Methane Cycle in Permafrost Soils

The carbon pool estimates for permafrost soils vary between 4 and 110 kg C m-2 (Schell and Ziemann 1983; Tarnocai and Smith 1992; Michaelson et al. 1996). These large variations can be attributed to different soil types (from mineral to peaty soils) and varying depths of measurement (from the upper few cm to 1 m depth). Permafrost soils can function as both a source and a sink for carbon dioxide and methane (Fig. 15.2). Under anaerobic conditions, caused by flooding of the permafrost soils and the effect of backwater above the permafrost table, the mineralization of organic matter can only be realized stepwise by specialized microorganisms of the so-called anaerobic food chain (Schink and Stams 2006). Important intermediates of the organic matter decomposition are hydrogen, carbon dioxide and acetate, which can be further reduced to methane (methanogenesis) by metha-nogenic archaea (see Sect. 15.3.1). The fermentation of carbon by microorganisms takes place much more slowly than oxidative respiration. As a result of the prolonged anaerobic conditions and low in situ temperatures of permafrost soils organic matter accumulates (peat formation) in these environments.

Nervertheless, the quantity of organic matter provides no information on its quality. This, however, determines the availability of organic compounds as energy

Organic Matter Cycle

Fig. 15.2 The carbon cycle in permafrost soils. Permafrost soils can be both a source and a sink for CO2 and CH4. Under aerobic conditions soil organic matter (SOM) is respired to CO2, whereas under anaerobic conditions SOM is decomposed via a sequence of microbial processes to CH4. Methane fluxes from anaerobic soil horizons to the atmosphere result from diffusion (slow), ebullition (fast), and through plant-mediated transport (bypassing the oxic soil layer). Therefore, the method of transport determines the amount of methane that is re-oxidized by microorganisms in aerobic soil horizons. Photosynthesis provides an important sink for CO2 in permafrost environments. Thereby, biomass is produced. In contrast, the consumption of atmospheric methane (negative methane flux) in the upper surface layer of the soils plays only a minor role for the methane budget. The thickness of the arrows reflects the importance of the above processes

Fig. 15.2 The carbon cycle in permafrost soils. Permafrost soils can be both a source and a sink for CO2 and CH4. Under aerobic conditions soil organic matter (SOM) is respired to CO2, whereas under anaerobic conditions SOM is decomposed via a sequence of microbial processes to CH4. Methane fluxes from anaerobic soil horizons to the atmosphere result from diffusion (slow), ebullition (fast), and through plant-mediated transport (bypassing the oxic soil layer). Therefore, the method of transport determines the amount of methane that is re-oxidized by microorganisms in aerobic soil horizons. Photosynthesis provides an important sink for CO2 in permafrost environments. Thereby, biomass is produced. In contrast, the consumption of atmospheric methane (negative methane flux) in the upper surface layer of the soils plays only a minor role for the methane budget. The thickness of the arrows reflects the importance of the above processes and carbon sources for microorganisms (Hogg 1993; Bergman et al. 2000; see also Chap. 16). For this purpose, the humification index (HIX, dimensionless), for instance, is a criterion for organic matter quality and can, therefore, give suitable information with regard to microbial metabolism (Zsolnay 2003). It has been demonstrated that the availability of organic carbon in permafrost soils decreased with increasing HIX (Wagner et al. 2005). It has further been shown that the HIX increased continuously with depth in Holocene permafrost sediments (Wagner et al. 2007). This indicates that the organic carbon is less available for microorganisms with increasing depth because of the higher degree of humification. Therefore, in addition to the quantity, the quality of soil organic matter should also be taken into account with regard to permafrost environments as a huge carbon reservoir.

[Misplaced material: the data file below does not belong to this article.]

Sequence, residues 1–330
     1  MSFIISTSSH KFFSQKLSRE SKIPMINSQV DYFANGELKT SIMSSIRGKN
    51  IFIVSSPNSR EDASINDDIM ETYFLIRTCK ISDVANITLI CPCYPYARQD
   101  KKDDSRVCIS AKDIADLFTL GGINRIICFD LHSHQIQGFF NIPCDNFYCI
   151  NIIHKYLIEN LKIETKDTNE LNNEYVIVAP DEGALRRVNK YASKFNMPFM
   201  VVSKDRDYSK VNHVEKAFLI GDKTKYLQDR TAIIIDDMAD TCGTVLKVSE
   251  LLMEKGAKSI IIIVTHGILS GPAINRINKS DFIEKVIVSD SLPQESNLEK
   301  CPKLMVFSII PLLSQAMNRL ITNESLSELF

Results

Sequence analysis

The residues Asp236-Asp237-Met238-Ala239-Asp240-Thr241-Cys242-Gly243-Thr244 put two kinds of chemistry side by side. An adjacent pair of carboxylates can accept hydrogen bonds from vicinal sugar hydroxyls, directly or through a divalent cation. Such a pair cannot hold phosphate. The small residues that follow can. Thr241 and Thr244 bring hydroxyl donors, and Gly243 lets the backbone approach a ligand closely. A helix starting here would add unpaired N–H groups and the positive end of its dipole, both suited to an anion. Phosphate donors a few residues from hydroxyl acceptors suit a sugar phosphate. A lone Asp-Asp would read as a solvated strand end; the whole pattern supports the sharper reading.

Wherever oxygen is present in permafrost habitats (upper oxic soil horizons, rhizosphere), methane can be oxidized to carbon dioxide by aerobic methane-oxidizing bacteria (see Sect. 15.3.2). Between 76% and up to more than 90% of the methane produced in wetlands is oxidized by these specialists before reaching the atmosphere (Roslev and King 1996; Le Mer and Roger 2001). Hence, the biological oxidation of methane represents the major sink for methane in Arctic permafrost environments.

Vegetation is another important factor occupying a central position for microbial processes and the transport of methane. Plants can have both enhancing and attenuating effects on methane emission. Through the aerenchyma of vascular plants, oxygen is transported from the atmosphere to the rhizosphere, thus stimulating methane oxidation in otherwise anoxic soil horizons (Van der Nat and Middelburg 1998; Popp et al. 2000). In the opposite direction, the aerenchyma is a major pathway for methane transport from the anoxic horizons to the atmosphere, bypassing the oxic/anoxic interface in the soil, where methane oxidation is most prominent. It has been shown that up to 68% of the total methane release from wet permafrost soils is transported through sedges like Carex aquatilis (Kutzbach et al. 2004). Furthermore, the vegetation provides the substrates for methanogenesis such as decaying plant material and fresh root exudates (Whiting and Chanton 1992; Joabsson et al. 1999).

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